A senior minister in the deposed Kuwaiti government declared Friday that Kuwait's royal family does not favor war as the first means of liberating his country. Sheik Ali al Khalifa al Sabah, the Kuwaiti finance minister, told reporters that the exile government has enough wealth to maintain itself "for a very long time." "We are not gung-ho for war, we never were and never will be," Ali said, pointing out that in war "our citizens would be the first ones to be killed."
CALIFORNIA | LOCAL
May 17, 1991
The U.N. Security Council is preparing to do the right thing by emphatically rejecting Iraq's plea for a five-year moratorium on reparations payments stemming from its war of aggression. A draft resolution now before the 15-nation body instead threatens to maintain sanctions on Iraq indefinitely unless Saddam Hussein's regime meets the conditions contained in the council's April 3 cease-fire resolution.
NEWS
August 31, 1990 | JOHN M. BRODER and ROBIN WRIGHT, TIMES STAFF WRITERS
U.S. officials have begun cataloguing alleged violations of international law by Iraqi President Saddam Hussein for future use at a possible Nuremberg-style war crimes trial, Bush Administration sources said Thursday.
CALIFORNIA | LOCAL
February 26, 1991
More than 300,000 Palestinians lived in Kuwait before Iraq invaded last Aug. 2. Perhaps 75,000 remain, although the total may be larger if in fact Iraq has moved thousands of Palestinians into the country to replace Kuwaitis who were killed or fled. The fate of these Palestinians is a matter of concern to Washington. The fear is that when Kuwait City is liberated the Palestinians there could face a blood bath at the hands of vengeful Kuwaitis.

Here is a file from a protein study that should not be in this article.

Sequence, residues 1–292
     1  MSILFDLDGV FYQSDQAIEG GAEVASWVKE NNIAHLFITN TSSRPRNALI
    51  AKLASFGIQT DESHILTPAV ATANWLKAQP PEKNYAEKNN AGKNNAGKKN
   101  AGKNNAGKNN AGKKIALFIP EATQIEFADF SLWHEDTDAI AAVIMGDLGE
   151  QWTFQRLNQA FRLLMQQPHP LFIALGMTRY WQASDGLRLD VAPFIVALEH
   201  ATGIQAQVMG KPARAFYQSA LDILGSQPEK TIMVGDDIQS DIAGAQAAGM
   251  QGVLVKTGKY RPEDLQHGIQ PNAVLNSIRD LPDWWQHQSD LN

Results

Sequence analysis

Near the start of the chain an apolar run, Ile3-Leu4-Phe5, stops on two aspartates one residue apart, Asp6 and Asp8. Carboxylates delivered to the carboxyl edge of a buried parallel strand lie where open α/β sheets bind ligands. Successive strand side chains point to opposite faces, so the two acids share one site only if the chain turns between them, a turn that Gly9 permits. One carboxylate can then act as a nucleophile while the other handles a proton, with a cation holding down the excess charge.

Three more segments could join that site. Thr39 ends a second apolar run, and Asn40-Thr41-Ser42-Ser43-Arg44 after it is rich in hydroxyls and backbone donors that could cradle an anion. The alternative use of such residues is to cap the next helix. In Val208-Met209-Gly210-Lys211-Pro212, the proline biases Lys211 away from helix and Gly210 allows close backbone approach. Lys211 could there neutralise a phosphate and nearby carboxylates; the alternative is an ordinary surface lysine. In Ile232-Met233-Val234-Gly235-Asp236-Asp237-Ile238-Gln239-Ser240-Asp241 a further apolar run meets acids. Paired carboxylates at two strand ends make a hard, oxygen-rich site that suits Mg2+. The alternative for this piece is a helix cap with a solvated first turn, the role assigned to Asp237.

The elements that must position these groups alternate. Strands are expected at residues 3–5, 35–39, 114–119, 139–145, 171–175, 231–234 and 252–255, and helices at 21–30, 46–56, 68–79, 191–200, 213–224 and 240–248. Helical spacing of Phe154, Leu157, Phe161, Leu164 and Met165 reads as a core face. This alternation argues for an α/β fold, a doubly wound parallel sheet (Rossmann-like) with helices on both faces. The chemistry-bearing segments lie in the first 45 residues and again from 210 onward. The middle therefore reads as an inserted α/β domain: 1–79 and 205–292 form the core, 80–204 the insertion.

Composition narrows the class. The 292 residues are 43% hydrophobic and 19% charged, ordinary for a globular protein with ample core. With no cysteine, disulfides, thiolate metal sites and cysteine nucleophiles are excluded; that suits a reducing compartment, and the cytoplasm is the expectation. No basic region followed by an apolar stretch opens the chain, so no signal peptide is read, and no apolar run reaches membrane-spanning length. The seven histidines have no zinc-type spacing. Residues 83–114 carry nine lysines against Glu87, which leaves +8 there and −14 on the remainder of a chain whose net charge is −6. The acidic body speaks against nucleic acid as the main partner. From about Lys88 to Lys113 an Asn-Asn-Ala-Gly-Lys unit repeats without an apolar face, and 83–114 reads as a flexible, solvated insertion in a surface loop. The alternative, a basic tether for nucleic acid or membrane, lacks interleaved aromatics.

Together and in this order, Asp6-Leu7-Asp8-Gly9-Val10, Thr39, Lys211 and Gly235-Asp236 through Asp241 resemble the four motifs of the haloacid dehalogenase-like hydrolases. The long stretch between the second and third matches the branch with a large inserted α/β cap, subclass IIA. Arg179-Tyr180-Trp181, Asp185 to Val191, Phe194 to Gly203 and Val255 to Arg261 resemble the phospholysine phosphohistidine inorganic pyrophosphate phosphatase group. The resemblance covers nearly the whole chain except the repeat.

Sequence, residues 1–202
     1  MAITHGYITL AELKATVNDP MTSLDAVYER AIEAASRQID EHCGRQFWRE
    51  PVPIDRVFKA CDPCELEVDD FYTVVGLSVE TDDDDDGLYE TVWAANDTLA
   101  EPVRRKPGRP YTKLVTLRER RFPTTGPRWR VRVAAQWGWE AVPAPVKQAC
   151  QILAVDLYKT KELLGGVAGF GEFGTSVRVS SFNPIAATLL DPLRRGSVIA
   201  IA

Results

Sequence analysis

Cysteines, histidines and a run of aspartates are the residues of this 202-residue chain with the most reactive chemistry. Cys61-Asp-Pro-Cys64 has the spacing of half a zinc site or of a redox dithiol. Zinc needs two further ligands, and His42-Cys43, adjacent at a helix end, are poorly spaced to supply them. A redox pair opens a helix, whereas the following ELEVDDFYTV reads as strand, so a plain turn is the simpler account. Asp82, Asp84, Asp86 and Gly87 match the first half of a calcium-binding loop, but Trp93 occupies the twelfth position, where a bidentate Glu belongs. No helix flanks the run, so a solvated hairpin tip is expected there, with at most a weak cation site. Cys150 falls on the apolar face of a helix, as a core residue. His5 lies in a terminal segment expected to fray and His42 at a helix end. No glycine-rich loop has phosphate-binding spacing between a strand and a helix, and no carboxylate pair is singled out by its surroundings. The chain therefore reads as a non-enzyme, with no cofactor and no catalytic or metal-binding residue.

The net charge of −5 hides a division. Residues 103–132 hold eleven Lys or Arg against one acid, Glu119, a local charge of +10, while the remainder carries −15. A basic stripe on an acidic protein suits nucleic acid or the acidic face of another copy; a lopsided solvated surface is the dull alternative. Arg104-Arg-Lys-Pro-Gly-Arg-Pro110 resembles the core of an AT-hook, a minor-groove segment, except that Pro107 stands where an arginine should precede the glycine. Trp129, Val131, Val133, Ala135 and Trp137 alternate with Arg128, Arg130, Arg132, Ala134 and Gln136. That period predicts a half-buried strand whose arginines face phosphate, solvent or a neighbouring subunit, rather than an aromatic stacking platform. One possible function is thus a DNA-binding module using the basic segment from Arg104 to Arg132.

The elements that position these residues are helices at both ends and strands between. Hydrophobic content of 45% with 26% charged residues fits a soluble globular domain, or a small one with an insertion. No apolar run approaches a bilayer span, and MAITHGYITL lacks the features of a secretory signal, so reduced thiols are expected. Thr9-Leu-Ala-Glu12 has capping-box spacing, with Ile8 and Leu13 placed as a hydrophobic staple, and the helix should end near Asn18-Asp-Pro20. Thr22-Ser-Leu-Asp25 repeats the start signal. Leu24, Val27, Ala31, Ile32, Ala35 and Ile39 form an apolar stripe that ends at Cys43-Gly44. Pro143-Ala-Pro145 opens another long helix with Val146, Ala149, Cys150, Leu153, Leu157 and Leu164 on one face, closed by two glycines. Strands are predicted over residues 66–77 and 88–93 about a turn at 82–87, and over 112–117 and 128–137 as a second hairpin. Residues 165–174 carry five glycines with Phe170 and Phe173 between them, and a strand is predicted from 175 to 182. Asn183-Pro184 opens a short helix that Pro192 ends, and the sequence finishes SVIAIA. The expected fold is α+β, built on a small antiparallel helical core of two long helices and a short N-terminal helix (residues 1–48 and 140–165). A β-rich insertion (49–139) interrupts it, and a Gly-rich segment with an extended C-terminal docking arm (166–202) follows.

NEWS
August 11, 1990 | From The Washington Post
A week after the Iraqi invasion, there is no sign of any civil administration, Kuwaiti or Iraqi, and Kuwait's 1.7 million residents are nervous about their fate, according to information received by the Washington Post. The real fear among Kuwaitis and Westerners in Kuwait, according to information about events there this week, is of an attack to oust the Iraqis, or of retaliation against them if Baghdad, the Iraqi capital, is attacked.
NEWS
October 16, 1990 | DAVID LAUTER, TIMES STAFF WRITER
Bush Administration policy-makers are intensely studying a rash of confusing signals from occupied Kuwait that could indicate an Iraqi plan to withdraw from part of the country, officials said Monday. At the same time, however, Bush and his senior aides continue to issue bellicose warnings about Iraqi atrocities in Kuwait--warnings that one official said are part of a deliberate campaign to prepare the American people for the possibility of military action against Iraqi forces.
NEWS
February 26, 1991 | KIM MURPHY, TIMES STAFF WRITER
The sign at the main border checkpoint into Kuwait says, "Welcome," but it tilts crazily to one side, and beyond it stretches newly liberated southern Kuwait: an eerie panorama of devastation and spring clover, of a sudden, fleeting violence that passed over the landscape and moved on. On the coastal desert plains that frame the main highway from Saudi Arabia to Kuwait city, an occasional donkey grazes amid the blown-out wreckage of tanks and supply trucks.